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I was catching up with the various news around the world as well as those little things that I find interesting.Never mind about what’s going on in Syria, or more recently in Mali (though both have a long history about them – things, as always, don’t usually happen out of the blue). I was scanning the news items over at ElReg, when a strange title caught my eye: “IBM brains ponder universe, say kids will go nuts for STEAMPUNK“.
At first, I was baffled. I thought I misread something. Then I saw the text was pretty persistent: it really read IBM and STEAMPUNK, both words in capitals.
Then I did some search and I found out similar articles all over the place – it’s all because of an IBM press release from a couple of days earlier. Great infographics too.
First of all, steampunk is really cool, probably not as cool as flying sharks shooting lasers and such, but still, pretty cool.
Now I’m really curious to know who paid for that analysis (probably these guys), an analysis that’s based on what IBM calls the Social Sentiment Index. That is supposedly a metric derived from following trends in the social media. Basically, it’s statistics.
I didn’t delve too deep into the technology,software or techniques used to measure all that up – the nitty-gritty of it over at IBM’s website is hidden under corporate lingo – after all, they sell it as a service. What bugs me, or better yet what intrigues me about all this is that in the days of yonder there was a crystal ball involved along with a gypsy fortune teller. Or maybe some tarot cards.
I’m not saying it’s a hoax and I’m not saying the people over at IBM are selling myth or fantasy. I’m just saying, it’s just statistics and more so, statistics out of the social media, which are in my view, a lot of noise.
Sure, there are well-established techniques to sort noise out of a group of data, but what it boils down to is just because people say so, and just because it’s cool, it doesn’t mean they’ll be buying top hats with GPS or shoes with real whirring gears on them.
The press release itself makes some good points and sounds less all-knowing that the journalists write it up to be:
33 percent of online fashion chatter around steampunk can be found on gaming sites – “Wouldn’t it be cool to be wearing one of these? It’d be kickass – that’s what I want for Christmas”
2010 saw a year on year increase in chatter of 296 percent. This increase can be attributed to steampunk-inspired NYC ComicCon events in October of 2010 – What a surprise. The NYC ComicCon had steampunkers gone wild. And they talk it about it too.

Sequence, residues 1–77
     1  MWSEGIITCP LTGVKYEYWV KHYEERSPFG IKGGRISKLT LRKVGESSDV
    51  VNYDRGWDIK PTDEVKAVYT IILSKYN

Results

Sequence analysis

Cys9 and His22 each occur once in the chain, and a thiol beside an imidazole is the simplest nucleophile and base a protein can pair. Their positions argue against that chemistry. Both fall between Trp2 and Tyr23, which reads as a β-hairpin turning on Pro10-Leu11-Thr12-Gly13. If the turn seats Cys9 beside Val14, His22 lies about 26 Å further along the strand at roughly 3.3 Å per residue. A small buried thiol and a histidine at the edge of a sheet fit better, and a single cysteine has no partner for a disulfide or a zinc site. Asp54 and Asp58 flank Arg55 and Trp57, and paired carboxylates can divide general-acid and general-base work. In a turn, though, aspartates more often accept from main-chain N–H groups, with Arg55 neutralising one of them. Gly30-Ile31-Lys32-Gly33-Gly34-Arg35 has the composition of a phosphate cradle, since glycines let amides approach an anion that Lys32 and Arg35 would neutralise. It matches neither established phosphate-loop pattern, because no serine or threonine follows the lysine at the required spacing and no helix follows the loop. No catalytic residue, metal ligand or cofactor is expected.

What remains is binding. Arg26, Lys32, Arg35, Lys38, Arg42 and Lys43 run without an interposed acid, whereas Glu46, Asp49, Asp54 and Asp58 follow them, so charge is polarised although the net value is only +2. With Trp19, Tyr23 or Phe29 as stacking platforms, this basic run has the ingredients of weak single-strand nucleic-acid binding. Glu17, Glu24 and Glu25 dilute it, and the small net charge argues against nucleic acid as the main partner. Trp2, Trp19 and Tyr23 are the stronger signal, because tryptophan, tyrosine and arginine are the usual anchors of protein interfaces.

Twitter is the #1 social network for steampunk chatter; hosts six times the number of discussions as Facebook – I’m glad I don’t have any Facebook stock then.
63 percent of fashion discussions around steampunk are initiated by individuals less than 30 years old – That’s what the retailers read as “they don’t have kids yet to spent money on so they’ll be spent it on steampunk stuff”.
55 percent of social sentiment chatter for steampunk fashion derived by blogs – My mother doesn’t have a blog but she still buys clothes. I thought Armani was considered ‘fashion’. But then again, I only wear jeans.
Is it a misuse of resources? Sure. Could they be putting all that hardware and software into a better use? Sure. But hell, someone’s paying them to give them a window into the future of retail. That’s why they have a ‘B’ in IBM – it’s a business.
The question of whether the market creates the trend, or the trend creates the market seems new, but it’s really the same old thing. Built it, and they will come. There were tablets before the iPad. Was the timing wrong? Where they too expensive? I don’t really care about that. Or what people will be wearing the next couple of years (some kind of clothing, I presume). It’s just that past the common misconception about scientific studies (they could be wrong, incomplete and in case they rarely become law or theory – in the well-established scientific sense), there’s maybe a new conundrum up the road – the “computers predict” dictum.
Now it’s just about what we’ll wearing, or buying. What if someone decides that if they’re that good, we should predict what we’ll be voting, what we will be eating and so on. Colossus anyone?
I’m not fear-mongering or trying to sound silly; I think the whole idea is rooted in hype, which is closely related to FUD. It’s just that I did actually wonder whether or not my next novel should be a steampunk one. Don’t worry – women willbuy anything and IBM knows how to sell it.